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Using Procurement to Leverage Sustainability Transition Dynamics in Construction : The Dutch Circular Public Procurement Case

Uil, Thomas (2022) Using Procurement to Leverage Sustainability Transition Dynamics in Construction : The Dutch Circular Public Procurement Case.

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Abstract:The ambitious climate goals set for 2030 and 2050 force nations to develop climate policies. In turn, public clients leverage their buying power to steer the transition of unsustainable industries, like the construction industry, towards sustainable industries. In the Dutch construction industry, public clients use Circular Public Procurement (CPP) as such a lever. Despite the large buying power, this CPP approach seems to have limited impact on the industry’s transition, since CPP strategies are deployed on a limited number of projects. To accelerate a transition, it is key to understand transition processes. In this field, the Sustainable Market Transformation Framework (SMTF) proposes a maturity model to determine the transition dynamics. This article deploys the SMTF perspective to assess the impact of the Dutch CPP deployment on the transition towards a sustainable construction industry. The article builds on a multiple case study and expert interviews. Each case is analysed whether CPP incited firms move to more sustainable maturity, creating insights into the transition impact of various CPP-elements. In the first transition phases, three key CPP-elements are found to support the transition towards a sustainable construction industry. (1) Tendering with functional specifications incited bidders to come up with their particular circular products. This encourages competitors to develop a company’s vision on circularity rather than following a prescribed solution from the project’s perspective. (2) Concurrently, once projects are awarded, clients and contractors should collaborate as the exploration of innovative circular products for the industry is inherently a joint effort. This collaborative relationship facilitates knowledge creation and the development of organizational visions regarding circularity. (3) As time and budget are determinants of circular quality, it is important to have flexibility in the collaborative relationship regarding time and budget goals of the project. This flexibility should be secured by contractual conditions to foster a collaborative relationship. Once sustainable maturity is achieved – the final phase of the transition -, the same CPP-elements as in the first transition phases but with another application are found to support the transition. (I) Prescriptive tender specifications seem more appropriate as the best products are institutionalized. (II) Due to this institutionalization, clients and contractors could operate in more traditional arms-length project relationships, while (III) a tight focus on time and budget facilitates efficiency.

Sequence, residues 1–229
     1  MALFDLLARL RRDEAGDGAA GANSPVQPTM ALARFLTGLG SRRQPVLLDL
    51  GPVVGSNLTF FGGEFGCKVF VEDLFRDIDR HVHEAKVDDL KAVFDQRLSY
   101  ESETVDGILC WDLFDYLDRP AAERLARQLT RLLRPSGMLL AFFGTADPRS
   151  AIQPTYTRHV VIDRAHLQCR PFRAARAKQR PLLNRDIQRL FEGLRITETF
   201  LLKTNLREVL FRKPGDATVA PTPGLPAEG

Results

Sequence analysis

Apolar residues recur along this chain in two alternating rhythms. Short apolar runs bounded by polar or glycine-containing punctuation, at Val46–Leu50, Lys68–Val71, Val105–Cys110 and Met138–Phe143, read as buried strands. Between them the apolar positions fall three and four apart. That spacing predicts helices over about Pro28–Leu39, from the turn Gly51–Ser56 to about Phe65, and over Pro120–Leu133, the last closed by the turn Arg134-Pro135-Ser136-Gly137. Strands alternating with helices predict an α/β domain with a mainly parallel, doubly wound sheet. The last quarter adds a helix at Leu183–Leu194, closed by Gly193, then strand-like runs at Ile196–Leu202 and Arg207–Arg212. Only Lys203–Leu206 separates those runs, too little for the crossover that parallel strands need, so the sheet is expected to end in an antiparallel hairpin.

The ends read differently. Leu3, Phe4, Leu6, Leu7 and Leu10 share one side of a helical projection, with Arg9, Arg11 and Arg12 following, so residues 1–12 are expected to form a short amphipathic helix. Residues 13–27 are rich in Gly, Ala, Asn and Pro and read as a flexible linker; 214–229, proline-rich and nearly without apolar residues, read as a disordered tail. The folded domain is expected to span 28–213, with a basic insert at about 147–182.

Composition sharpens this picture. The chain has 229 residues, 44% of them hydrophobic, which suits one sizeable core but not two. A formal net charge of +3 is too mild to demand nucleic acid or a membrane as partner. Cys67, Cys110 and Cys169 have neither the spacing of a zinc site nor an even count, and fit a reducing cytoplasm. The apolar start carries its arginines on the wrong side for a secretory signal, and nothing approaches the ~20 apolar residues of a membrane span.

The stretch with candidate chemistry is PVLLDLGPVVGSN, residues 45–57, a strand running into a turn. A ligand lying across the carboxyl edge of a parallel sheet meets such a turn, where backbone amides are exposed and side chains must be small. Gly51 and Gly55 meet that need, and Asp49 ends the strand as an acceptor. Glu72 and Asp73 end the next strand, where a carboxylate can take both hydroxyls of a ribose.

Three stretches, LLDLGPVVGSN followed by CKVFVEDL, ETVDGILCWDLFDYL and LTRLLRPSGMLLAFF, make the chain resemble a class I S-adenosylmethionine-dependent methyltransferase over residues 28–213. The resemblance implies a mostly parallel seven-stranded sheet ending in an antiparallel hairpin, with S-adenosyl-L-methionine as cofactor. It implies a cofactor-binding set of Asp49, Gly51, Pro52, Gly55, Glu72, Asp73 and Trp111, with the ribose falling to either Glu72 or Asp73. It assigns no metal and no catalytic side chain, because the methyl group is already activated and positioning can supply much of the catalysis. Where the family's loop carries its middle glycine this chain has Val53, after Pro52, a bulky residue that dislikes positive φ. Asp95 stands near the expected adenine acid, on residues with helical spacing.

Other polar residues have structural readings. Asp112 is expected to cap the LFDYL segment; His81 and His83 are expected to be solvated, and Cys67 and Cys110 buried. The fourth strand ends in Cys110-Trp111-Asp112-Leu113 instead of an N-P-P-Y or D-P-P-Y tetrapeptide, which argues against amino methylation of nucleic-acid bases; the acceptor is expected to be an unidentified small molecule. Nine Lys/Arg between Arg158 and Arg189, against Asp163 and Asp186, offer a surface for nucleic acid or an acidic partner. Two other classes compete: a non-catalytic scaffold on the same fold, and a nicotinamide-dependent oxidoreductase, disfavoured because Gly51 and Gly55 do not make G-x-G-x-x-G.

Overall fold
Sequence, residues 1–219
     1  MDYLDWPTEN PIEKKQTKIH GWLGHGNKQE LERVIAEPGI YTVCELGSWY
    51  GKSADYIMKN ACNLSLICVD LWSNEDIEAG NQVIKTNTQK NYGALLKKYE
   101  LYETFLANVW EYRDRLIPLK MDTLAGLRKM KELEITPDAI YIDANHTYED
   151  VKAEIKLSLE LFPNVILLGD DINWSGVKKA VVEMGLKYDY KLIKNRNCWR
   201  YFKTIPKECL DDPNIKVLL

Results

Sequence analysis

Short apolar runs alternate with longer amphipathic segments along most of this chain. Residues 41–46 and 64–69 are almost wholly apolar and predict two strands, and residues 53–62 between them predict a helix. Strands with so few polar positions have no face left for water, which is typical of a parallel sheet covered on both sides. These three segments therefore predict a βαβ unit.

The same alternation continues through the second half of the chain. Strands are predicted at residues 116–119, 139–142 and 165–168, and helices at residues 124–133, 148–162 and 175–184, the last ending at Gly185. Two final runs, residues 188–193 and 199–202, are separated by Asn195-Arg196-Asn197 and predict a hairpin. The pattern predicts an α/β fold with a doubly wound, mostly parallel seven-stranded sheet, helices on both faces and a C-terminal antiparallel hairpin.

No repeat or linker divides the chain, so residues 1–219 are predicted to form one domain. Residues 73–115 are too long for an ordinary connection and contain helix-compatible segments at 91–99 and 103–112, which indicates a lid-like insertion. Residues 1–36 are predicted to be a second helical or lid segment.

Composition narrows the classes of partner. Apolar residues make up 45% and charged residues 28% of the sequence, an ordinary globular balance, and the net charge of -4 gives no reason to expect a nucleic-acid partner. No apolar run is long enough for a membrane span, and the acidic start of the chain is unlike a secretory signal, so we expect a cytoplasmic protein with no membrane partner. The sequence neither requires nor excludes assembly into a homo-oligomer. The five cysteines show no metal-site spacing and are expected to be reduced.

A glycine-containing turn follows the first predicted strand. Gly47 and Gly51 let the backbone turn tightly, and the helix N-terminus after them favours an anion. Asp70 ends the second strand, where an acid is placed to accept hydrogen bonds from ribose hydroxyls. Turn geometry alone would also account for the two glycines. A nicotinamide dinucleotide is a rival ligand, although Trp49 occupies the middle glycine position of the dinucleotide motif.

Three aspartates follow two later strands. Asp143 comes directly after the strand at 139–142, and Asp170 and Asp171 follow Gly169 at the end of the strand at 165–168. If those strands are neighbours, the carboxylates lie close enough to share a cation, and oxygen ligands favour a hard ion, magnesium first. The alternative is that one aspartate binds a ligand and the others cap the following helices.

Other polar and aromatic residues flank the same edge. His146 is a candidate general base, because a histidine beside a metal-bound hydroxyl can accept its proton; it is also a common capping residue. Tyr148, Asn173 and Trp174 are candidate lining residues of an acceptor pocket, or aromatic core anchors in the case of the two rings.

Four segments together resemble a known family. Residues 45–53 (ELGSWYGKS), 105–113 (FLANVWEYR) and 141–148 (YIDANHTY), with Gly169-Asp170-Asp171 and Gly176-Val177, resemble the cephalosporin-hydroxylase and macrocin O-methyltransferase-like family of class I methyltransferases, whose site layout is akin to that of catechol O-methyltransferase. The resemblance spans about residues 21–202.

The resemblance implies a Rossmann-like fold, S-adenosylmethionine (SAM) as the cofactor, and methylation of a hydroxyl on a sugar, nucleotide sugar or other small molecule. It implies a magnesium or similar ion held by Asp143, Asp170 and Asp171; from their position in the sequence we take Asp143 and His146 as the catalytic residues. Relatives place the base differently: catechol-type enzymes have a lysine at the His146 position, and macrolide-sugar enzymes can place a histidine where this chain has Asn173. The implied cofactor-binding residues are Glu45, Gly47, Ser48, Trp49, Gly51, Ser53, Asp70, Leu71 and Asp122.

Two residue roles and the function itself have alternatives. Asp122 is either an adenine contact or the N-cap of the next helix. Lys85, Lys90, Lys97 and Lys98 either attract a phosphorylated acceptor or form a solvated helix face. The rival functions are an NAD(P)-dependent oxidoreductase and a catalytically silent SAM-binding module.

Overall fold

Item Type:Essay (Master)
Faculty:ET: Engineering Technology
Subject:56 civil engineering
Programme:Construction Management and Engineering MSc (60337)
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